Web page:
Pairing lenses with different mounts: What you need to know

Written by Phil Rhodes

RedShark NewsPairing lenses with different mounts

RedShark Replay: The problems of fixing lenses to mounts they were not designed to use.

As cameras have improved hugely in price-performance ratio (and lenses conspicuously haven't), the pressure on lens availability has been enormous. This creates a need to combine lenses and cameras that weren't necessarily designed for each other. Since lenses are a long-term investment, their potential for compatibility with various cameras can be a very big deal.

Critical distances

The fundamental purpose of a lens mount is to hold the optical assembly – the bits of glass – at the right distance from the sensor. Anyone who's played with a magnifying glass and a piece of cardboard will be aware that it's quite easy to project an image of a nearby desk lamp or window onto the cardboard. The critical thing, though, is the distance between the lens and the projection surface. That distance is very critical – much more critical, in fact, than the distance between the lens and the subject.

In a practical camera, the focal relationship between the lens and the sensor must usually be maintained to within microns. If correct distance is not achieved, the focus scale on the lens will become inaccurate and it may be impossible ever to achieve infinity focus. The distance from a specific point on the lens mount to the sensor (or film) is the flange focal distance, and it is a crucial factor determining how various lenses fit, or can be made to fit, on various cameras.

Sony's E mount, for instance, places the lens mounting flange 18mm in front of the sensor. Canon's EF mount, on the other hand, is designed to place the lens 44mm in front of the sensor. The difference is largely down to the fact that Canon designed the EF mount to leave room for the viewfinding mirror in a true DSLR camera, whereas the E mount is designed solely for electronic-viewfinder cameras. Similar concerns apply to the popular micro four-thirds mount, which was likewise designed to allow for physically compact mirrorless cameras (the original, non-micro 'four thirds' mount is more generously specified, to leave room for a mirror).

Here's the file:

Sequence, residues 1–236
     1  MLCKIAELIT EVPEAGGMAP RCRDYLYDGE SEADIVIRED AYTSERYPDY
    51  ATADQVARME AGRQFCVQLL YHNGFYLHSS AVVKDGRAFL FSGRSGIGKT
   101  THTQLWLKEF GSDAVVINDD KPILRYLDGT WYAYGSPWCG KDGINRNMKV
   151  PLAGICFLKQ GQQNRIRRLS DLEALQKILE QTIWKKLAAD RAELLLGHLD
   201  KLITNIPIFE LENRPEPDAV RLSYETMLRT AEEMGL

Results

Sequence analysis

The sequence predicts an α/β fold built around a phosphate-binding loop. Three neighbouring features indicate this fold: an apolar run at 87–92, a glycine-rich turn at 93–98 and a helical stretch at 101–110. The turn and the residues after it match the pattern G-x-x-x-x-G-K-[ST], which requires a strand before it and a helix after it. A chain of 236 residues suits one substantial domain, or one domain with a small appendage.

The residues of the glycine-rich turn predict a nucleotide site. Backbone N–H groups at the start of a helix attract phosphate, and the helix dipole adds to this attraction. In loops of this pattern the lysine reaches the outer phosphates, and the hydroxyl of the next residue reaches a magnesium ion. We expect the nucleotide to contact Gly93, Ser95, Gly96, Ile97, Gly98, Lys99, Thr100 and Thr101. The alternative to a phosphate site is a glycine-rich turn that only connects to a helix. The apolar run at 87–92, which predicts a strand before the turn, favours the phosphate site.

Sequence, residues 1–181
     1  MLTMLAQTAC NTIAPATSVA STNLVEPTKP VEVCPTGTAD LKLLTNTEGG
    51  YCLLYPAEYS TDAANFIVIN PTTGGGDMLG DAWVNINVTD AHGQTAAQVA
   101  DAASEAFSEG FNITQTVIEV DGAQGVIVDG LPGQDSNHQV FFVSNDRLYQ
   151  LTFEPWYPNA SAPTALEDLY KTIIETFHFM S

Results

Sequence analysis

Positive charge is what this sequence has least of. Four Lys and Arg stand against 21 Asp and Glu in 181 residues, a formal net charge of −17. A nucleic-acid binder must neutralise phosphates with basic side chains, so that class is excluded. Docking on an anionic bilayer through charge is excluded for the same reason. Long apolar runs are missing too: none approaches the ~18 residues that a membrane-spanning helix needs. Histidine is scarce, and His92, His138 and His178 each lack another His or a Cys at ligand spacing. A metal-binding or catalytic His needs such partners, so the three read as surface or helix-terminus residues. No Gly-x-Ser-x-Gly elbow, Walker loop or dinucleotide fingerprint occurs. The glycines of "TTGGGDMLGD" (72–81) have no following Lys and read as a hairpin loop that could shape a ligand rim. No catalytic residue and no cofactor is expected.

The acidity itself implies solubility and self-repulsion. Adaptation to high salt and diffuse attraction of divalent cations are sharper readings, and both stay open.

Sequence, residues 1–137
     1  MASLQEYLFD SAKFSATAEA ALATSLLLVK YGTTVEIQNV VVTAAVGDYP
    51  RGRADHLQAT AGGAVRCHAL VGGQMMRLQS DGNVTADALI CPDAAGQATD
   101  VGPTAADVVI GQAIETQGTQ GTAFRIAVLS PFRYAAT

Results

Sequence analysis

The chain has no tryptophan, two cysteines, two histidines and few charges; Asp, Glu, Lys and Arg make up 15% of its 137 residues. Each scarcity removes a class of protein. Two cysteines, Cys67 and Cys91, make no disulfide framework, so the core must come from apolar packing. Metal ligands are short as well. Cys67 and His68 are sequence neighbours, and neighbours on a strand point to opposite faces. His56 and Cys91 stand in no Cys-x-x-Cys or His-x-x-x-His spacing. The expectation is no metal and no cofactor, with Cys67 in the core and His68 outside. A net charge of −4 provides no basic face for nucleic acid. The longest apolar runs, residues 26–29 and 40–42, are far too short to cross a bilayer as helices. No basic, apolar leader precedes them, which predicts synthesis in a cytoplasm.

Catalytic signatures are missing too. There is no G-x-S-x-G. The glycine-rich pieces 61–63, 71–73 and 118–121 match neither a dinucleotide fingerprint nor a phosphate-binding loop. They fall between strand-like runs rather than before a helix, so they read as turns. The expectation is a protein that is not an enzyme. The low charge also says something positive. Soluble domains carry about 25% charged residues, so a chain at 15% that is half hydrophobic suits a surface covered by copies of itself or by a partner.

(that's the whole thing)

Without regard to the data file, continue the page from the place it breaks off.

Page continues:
Adaptor possibilities

As well as defining how the mounts work with native lenses, these mechanical concerns place limits on what can and cannot be achieved with adaptors. It is impossible to use (for instance) a micro four-thirds mount lens on an EF-mount Canon camera using a purely mechanical adaptor. The micro four-third lens is designed to be placed close to the sensor, but on a Canon camera, that space is full of other camera parts. Adaptors exist which make this sort of thing possible, but they must include lenses designed to adjust optically for the new flange focal distance (and possibly to correct image size, telecentricity and other problems, too).

Mount_adaptor_to_suit_B4-mount_broadcast_zooms_with_corrective_optics.jpgMount adaptor to suit B4-mount broadcast zooms with corrective optics

It's for this reason that companies such as Blackmagic sometimes choose the micro four-thirds mount for their cameras and probably why the Sony FS7 uses the E mount. It's not that there's anything particularly special about these mounts. In fact, they're fairly lightweight, risking misalignment of those crucial dimensions when used with heavy lenses. The reason they're used is that they have a very short flange focal distance, which means that adaptors can be built to allow compatibility with a very wide variety of lenses. An owner-operator might consider buying a camera in a mount that doesn't directly suit any lenses on hand, simply because mechanical adaptors are reasonably affordable and the flexibility to use others is an attractive bit of future-proofing.